By Brian Malliet. CEO and Co-Founder.
BKM Capital Partners | download the pdf +
Two WREB experts believe the West’s industrial sector points to the next big value play.
The West’s multi-tenant industrial market is poised for recovery, presenting a great opportunity for sawy investors.
Multi-tenant industrial might not be the sexiest product type out there, but it is the next important institutional asset class, as these properties present tremendously lucrative opportunities for yields over the next two to three years.
We will see increasing institutional interest in multi-tenant industrial assets as 2016 approaches that will be based on three primary factors, outlined below:
Multi-tenant industrial has lagged behind the rest of the industrial sector. This is extremely good news for investors.
While big box industrial product bottomed out years ago and has now made more than a full recovery, rents in multi-tenant industrial didn’t hit bottom until about a year and a half ago.
Since then, we’ve seen occupancy rise and rents increase. This translates into a tremendous opportunity to deliver yields.
BKM is sourcing and buying multitenant industrial assets that are 50 percent below peak pricing. These assets are also about 50 percent below replacement cost.
Malliet From there, the firm utilizes its operator model to tum the asset around, stabilize it and achieve strong profit from stabilization.
This opportunistic, or value-add, play is meant to take advantage of a lagging market. In this scenario, the firm can recognize the opportunity to come in and restructure the capital stack with proper capital to perform the execution, something any institutional-quality product operator understands.
2. Returns and Cash Flow
Multi-tenant industrial is much more attractive than big box industrial for institutional investors in the current market.
Large credit tenants sign seven- to 10-year leases in big box spaces, making this investment type similar to buying a bond. If a big box asset has a 10-year, locked-in income stream with a very high-credit tenant, pricing for that asset becomes extremely aggressive. In contrast, multi-tenant industrial rents roll every one to three years, providing a much faster opportunity for increased cash flow.
Coming out of the recession, BKM sought an industrial product type that could deliver 20-plus levered IRRs (internal rate of return) and double-digit cash-on-cash returns. Multi-tenant industrial emerged as the product type of choice for this objective.
Essentially, when we buy an asset at today’s pricing, we lease it at today’s rents. The majority of our profit is broken down into a 50-50 ratio, where half comes from cash flow once we stabilize, and the other half comes from fixing the asset with capital improvements and essentially taking the asset from a C-level rent to an A-level rent.
The returns are there if you can do it.
One caveat-that is important to note is that anyone investing in this product type needs to have, or be working with someone who has, an operator platform. The strategy outlined above must be executed in a specific way, within a certain timeframe. With this in mind, an investor must have hands-on construction management, asset management and property management all in one place to succeed. Having people on the ground at each asset who can execute is a key to making this strategy work.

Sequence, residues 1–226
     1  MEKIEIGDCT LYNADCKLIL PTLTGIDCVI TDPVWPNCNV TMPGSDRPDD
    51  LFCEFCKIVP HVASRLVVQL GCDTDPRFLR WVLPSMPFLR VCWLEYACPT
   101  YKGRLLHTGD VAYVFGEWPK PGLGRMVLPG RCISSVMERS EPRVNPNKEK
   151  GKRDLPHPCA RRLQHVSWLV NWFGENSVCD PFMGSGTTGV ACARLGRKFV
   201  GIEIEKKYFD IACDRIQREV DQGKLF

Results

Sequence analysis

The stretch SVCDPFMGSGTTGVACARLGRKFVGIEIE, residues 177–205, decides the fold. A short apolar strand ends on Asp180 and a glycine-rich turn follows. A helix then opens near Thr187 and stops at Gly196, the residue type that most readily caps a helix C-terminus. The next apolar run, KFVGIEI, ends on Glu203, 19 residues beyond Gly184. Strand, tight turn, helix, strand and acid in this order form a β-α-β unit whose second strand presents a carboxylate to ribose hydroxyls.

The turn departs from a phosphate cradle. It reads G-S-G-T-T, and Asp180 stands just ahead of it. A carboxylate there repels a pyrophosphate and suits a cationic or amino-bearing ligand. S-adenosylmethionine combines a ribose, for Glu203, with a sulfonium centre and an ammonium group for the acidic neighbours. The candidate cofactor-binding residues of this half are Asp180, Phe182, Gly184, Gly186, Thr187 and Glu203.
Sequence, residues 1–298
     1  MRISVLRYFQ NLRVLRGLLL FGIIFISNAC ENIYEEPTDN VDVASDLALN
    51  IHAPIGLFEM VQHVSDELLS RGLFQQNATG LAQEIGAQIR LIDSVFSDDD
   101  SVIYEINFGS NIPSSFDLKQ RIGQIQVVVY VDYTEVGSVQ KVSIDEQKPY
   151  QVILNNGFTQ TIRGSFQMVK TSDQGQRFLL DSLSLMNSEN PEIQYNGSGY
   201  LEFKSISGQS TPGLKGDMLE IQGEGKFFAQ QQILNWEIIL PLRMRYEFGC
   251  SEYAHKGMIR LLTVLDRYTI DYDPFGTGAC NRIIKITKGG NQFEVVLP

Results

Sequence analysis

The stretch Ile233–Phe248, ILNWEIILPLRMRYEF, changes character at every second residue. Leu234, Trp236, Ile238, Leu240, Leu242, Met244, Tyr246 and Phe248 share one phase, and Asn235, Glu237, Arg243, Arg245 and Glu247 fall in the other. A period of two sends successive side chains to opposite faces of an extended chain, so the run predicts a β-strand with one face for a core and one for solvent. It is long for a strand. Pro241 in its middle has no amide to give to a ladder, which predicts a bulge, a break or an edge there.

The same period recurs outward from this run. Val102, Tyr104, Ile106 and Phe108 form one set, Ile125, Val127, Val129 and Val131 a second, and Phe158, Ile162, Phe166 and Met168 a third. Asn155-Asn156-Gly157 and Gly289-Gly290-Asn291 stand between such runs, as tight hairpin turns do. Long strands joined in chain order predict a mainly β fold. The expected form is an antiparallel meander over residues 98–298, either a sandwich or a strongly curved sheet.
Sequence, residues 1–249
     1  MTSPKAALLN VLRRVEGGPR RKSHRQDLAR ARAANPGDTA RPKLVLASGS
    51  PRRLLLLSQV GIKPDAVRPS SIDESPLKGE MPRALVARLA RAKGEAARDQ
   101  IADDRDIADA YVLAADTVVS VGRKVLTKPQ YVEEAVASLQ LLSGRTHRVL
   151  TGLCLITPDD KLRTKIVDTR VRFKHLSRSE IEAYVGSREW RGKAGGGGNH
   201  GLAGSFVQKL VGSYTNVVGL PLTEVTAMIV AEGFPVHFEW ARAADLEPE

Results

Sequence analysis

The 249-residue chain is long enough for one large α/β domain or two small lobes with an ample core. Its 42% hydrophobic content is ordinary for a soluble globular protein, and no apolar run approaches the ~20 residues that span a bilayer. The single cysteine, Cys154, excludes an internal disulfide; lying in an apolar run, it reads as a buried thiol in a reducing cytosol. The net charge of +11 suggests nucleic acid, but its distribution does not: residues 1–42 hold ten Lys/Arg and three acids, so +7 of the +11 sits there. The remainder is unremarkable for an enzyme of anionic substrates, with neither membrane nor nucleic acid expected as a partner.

3. Current Ownership
The multi-tenant industrial market is exactly where student housing and self-storage were a decade ago: poised for institutionalization. Much of this is based on ownership.
There is a bifurcation of owners within the multi-tenant industrial product type. Some are institutional owners that are just beginning to get into this space. The majority, though, are mom-and-pop or high-net-worth owners who have invested in these properties simply because they are located in a market where the investor has lived and done business, not because they know real estate. The mini storage and student housing spaces were the same 10 years ago – most of these assets were owned by local, small operators spread throughout the U.S.
At that time, a few major mini-storage institutions came in, built their execution team, put processes and procedures in place, and ultimately institutionalized the asset class from an execution standpoint and from an ownership standpoint.
The same thing has happened more recently in the student housing space. Three major institutional-size student housing operators have revolutionized this segment of the industry in terms of bringing processes, procedures and professional execution into it in just the past five to seven years.
Multi-tenant industrial will be next, and we’ll see this institutionalization occur in 2016 and beyond.
Looking ahead, multi-tenant industrial product will be a huge opportunity for institutional investment over the next two to three years until pricing in this sector catches up.
Once that occurs, BKM will likely move to a core or core-plus fund focus. That said, after acquiring multi-tenant assets, putting a good operator model in place – which includes proven policies and procedures and deployment of appropriate capital – BKM believes it can still achieve 8 percent to 10 percent cash-on-cash returns.